Tattoos: The Human Body as a Work of Art
of rituals, hymns, and mythological stories), help empower the experience
of the tattooed individual.
Tattoos have also been used as medicinal aides
by healers and shamans, throughout thousands of years. This type of
treatment combined philosophical ideas with real actions, among them,
tattooing the body. The ancient therapeutic tattoo functioned as a form
of “acupuncture”, and was used to alleviate certain pathological diseases,
which were often ascribed to the evil spirits that trouble man.
Art anthropologist Ellen Dissanayake claims that the drive to create
constitutes the very foundation of the Homos-Sapiens. In light of this
drive, she coined the term “
According to Dissanayake,
in indigenous cultures, art belongs not only to talented individuals, but
extends also to each and every member of the community. Thus, music,
dance, costumes, drawing, and tattoos, belong to the entire group. In the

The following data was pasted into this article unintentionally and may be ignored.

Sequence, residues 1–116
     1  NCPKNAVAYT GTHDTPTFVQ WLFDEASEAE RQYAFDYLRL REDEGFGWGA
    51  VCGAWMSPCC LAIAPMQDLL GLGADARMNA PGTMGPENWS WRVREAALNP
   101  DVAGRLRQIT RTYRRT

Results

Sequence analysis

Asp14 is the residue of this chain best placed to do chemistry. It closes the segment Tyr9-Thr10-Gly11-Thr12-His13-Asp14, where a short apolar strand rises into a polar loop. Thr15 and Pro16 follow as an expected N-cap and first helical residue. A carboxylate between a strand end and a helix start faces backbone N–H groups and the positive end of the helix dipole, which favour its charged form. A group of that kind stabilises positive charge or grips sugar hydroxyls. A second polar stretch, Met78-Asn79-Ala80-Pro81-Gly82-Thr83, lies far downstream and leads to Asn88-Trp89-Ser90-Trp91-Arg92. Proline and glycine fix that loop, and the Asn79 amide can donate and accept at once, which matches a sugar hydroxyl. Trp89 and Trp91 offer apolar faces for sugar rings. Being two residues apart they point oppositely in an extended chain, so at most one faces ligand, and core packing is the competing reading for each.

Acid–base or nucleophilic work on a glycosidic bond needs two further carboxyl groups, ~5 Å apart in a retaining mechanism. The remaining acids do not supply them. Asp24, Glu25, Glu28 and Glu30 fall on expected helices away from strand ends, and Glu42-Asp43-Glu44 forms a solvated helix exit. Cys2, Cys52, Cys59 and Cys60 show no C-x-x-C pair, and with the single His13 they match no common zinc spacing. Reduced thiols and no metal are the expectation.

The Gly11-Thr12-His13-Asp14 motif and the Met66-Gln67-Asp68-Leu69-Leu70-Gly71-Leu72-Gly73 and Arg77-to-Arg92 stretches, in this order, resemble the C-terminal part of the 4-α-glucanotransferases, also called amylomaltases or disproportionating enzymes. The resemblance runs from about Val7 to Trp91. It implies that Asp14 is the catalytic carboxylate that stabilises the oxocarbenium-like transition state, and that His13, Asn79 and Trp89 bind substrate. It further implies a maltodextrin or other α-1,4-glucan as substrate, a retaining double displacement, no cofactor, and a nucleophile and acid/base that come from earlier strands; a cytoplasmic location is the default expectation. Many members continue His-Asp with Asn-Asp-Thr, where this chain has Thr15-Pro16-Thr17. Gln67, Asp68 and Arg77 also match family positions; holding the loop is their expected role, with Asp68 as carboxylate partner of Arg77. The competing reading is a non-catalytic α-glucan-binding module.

same vein, the community defined and fashioned its world as a spectacular
performance in which each artwork is equivocal – both functional and
divine. Thus, since the art that was drawn on its surface underscored its
status as a divine vessel, we may understand the tattooed body as a link
between the physical and the metaphysical.
Material evidence of ancient tattooing customs have been uncovered
across the world. Archeological findings, such as, tattooed human
remains, artistic descriptions, and tattooing tools uncover the antiquity
of this custom.
The earliest tattooed human body was found in 1991 in the Ötztal
Alps – hence its nickname “Ötzi the Iceman”. This is the oldest known
human being, who lived around 3,300 BC.
His sophisticated clothes, and
the valuable possessions found next to him, indicate that he was of high
social status. His well-preserved body had sixty one tattoos. These tattoos
served probably a medicinal purpose, rather a decorative or symbolic
one – an amazing discovery in itself, since until then, it was believed
that acupuncture was invented in Asia around 1000 BC.
shows that the belief in the relation between the physical, biological, and
energetic parts of the body dates back to an even earlier phase in human
history. This discovery suggests, indeed, that in ancient times tattoos were